The plan was always to have a sequel to the initial post. Now, I am just wondering what to type and how not to end up giving unsolicited advice – loool.
One of my friends was like ‘why not let them make their discoveries first, then they can be advised alongside. Answering questions will give them some expectations, expectations can be risky.’ But Seyi Mafolabomi says ‘It is the simple law of life to have people learn from experiences. And the best form of that is to learn from the experiences of those who have gone before you. Faltering is lesser that way’. And I say I will give you unsolicited advice anyway, with a disclaimer, of course. So the disclaimer goes like this: Remember that this is based on experiences at our time in law school and the existing rules, so if the rules have changed, this advice would be inapplicable. Remember also that we are separate individuals, what worked for either or both of us may not work for you. Remember that the aim of this post is to dispel any notion that the Bar Finals are extremely difficult and life in law school is a living nightmare.
So, this post is a joint effort of Ekaete Hunter and Oluseyi Mafolabomi and we are basically testifying to God’s goodness.
So this is what the checklist looks like:
- There is nothing to be afraid of
Honestly. There isn’t. There will be bad days. There will be good days as well. Just remind yourself of the good days and that you have God on your side. Don’t be afraid. Don’t be afraid. Fear not. Be Afraid Not. Keep an open mind. Relax. Take it a day at a time. Don’t be afraid. You have nothing to be afraid of.
Matter of fact, the devil wants you to be terrified. Every time you fear, all you are saying is that God is probably incapable of dealing with that particular aspect of your life. The devil will work overtime to bring that fear to reality, so that you can lose faith in God. Please get out of the fear cycle. These exams are just 28 questions, and you only have to answer 20. Compare that to the over 40 exams you had to face in your faculty. 40 exams, over 240 questions. You passed. Let the fear go, please. When discouragement comes, do not panic. It solves nothing. Just get up and keep on keeping on.
- Know thyself
Very important. You may want to experiment when you see people with superhuman reading abilities and the infamous Mike Ross memory. If you make notes, don’t ditch them because you have heard Adaeze’s notes are the bomb. If you can’t do overnight, make good use of your day. Making up your mind about your desired grade early enough is good. It helps you plan ahead. If you can’t decide, that is fine. Just know yourself thoroughly.
For Seyi, ‘Adaeze’s notes are just notes. Proper application is what you need. I had notes from various “authors” but I cannot pinpoint one as having any special effect. No, I was better off because I attended classes. I would have the notes with me and make necessary corrections as I followed the class.’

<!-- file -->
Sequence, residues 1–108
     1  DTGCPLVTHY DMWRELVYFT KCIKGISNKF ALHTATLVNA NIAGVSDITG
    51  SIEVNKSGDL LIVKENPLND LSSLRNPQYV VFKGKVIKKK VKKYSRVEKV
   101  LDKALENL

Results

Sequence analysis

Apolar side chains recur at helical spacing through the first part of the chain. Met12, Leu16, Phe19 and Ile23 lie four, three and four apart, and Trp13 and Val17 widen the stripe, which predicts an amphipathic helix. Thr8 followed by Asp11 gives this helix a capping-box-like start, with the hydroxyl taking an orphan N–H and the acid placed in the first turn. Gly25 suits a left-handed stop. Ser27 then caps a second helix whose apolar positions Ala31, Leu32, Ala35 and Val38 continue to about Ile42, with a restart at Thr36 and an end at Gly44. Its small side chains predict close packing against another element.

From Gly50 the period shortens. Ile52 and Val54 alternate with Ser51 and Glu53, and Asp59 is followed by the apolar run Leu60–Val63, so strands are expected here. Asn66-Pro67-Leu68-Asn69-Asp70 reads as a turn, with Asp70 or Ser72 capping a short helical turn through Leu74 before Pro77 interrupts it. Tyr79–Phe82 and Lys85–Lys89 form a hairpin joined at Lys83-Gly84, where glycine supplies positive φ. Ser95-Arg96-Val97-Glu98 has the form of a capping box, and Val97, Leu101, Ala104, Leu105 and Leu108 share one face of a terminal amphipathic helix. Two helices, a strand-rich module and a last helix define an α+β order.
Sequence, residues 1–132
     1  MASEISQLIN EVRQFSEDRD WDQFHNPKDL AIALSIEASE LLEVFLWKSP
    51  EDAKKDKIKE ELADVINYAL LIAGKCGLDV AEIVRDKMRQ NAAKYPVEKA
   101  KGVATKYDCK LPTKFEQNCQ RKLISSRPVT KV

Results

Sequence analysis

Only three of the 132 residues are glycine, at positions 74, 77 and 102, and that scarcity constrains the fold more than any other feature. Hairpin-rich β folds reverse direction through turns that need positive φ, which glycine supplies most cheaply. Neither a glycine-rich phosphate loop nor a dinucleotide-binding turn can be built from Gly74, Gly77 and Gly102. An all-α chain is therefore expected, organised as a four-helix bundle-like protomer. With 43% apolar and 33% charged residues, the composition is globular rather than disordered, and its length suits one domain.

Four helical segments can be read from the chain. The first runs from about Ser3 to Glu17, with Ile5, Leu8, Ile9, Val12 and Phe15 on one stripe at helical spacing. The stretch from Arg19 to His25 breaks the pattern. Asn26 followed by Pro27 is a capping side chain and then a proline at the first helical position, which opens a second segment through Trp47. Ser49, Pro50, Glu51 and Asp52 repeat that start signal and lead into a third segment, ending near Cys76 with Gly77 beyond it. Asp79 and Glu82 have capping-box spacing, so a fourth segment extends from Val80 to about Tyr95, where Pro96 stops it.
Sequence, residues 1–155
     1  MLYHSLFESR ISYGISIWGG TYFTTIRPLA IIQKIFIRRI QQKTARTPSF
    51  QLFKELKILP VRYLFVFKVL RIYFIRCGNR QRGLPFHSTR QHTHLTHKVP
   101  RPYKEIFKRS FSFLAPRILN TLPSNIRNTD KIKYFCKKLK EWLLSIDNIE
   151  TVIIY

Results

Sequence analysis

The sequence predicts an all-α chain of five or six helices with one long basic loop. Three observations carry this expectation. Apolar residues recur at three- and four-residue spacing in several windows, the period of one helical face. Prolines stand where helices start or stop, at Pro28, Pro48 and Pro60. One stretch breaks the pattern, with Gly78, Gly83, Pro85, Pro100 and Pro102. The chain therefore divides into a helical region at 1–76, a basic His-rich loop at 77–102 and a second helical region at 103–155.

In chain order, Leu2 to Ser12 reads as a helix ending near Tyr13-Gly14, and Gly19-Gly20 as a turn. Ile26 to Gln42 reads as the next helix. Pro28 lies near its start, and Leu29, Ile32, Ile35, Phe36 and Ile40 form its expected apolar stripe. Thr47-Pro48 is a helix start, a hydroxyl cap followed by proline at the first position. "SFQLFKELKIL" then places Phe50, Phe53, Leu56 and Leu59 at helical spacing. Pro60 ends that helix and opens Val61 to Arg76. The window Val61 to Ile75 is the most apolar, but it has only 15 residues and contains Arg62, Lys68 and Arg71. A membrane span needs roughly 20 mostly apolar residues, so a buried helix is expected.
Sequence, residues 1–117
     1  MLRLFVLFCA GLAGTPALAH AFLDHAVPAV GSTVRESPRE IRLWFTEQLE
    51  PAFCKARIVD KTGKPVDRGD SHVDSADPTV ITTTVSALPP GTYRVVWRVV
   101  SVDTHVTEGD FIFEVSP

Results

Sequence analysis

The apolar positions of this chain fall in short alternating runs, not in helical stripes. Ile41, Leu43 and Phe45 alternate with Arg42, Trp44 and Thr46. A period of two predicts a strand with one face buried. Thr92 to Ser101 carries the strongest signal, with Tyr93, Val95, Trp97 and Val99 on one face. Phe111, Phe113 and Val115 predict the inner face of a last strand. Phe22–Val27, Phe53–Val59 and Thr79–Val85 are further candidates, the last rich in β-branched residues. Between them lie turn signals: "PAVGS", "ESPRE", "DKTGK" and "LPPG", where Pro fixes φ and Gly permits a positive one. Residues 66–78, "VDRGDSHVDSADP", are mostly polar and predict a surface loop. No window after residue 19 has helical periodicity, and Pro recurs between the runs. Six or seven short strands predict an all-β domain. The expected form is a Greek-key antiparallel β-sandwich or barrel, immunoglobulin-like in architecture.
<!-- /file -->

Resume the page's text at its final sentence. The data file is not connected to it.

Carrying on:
He continues, ‘I did my best to follow the lectures closely. I did not read with people until quite late in the programme, and those people were not some fellows concerned with the jurisprudence. I read at night because it was quiet and peaceful. I did a reward system, like read two topics and see a half-hour show or something like that. And do not be concerned if your roommate(s) have sticky notes all over the room. Just know what works for you, and know it early on.’
- Hit the Ground Running
As soon as you start receiving lectures, don’t be slack. Read this case. Don’t postpone it till next week. Draft so and so. Draft it immediately. Research this. Do it at the speed of lighting. If you need to make notes, please start. Don’t miss classes. What do I do? I have a short attention span. Get the recording. Don’t pile up your tasks. Take it a day at a time but do not be slack.
Starting early means you don’t have a pile of work ahead of you when time is running out. And believe me, it helps dispel fear too. In reading your cases, have at the back of your mind the principle drawn from the case. If your friends are cramming whole quotes from the judgment, good for them. You? Case, principle. Fear not. In drafting, be precise. Do it over and over and over and master it, even in your sleep.. Missing classes is a definite no no no. You cannot be doing that. If you have recordings, listen to them. The best time to go over the recording from a class is right after the class. You may do this sparingly though, if you listened well in class.
- Friends and Association
When the bad days come, where do you go to? If you get stuck, whom do you reach out to? For me, awesome friends, God and Clasfon (God first of course). We cried and laughed and fought and stuck together.
This was the best part of law school for me. God became “realer” to me. In times of need, God used these awesome people to strengthen me. Strength in all ways possible. And joining CLASFON was too much of a blessing. The love in that family is contagious and week-in-week-out, the exams became a secondary reason for coming to the Nigerian Law School.
So, there goes the unsolicited list. When you get into the system, you will have more targeted questions. I don’t seem to have time for any other thing, how do I manage my time? I am exhausted after class, I don’t have the strength for group meetings, what can I do? I don’t have time to make notes, should I ditch them? I get tired of reading etc. The truth is there are no hard and fast rules. The good news is that you will have some people come talk to you from time to time – either CLASFON, or lecturers, or your SRC would bring students who graduated with first classes to come talk to you. Even your lecturers, lawyers in the law firms during externship will encourage you, strangers who see your white and black will give more unsolicited advice. You will be fine. Trust God. He saw us through. He would do the same for you.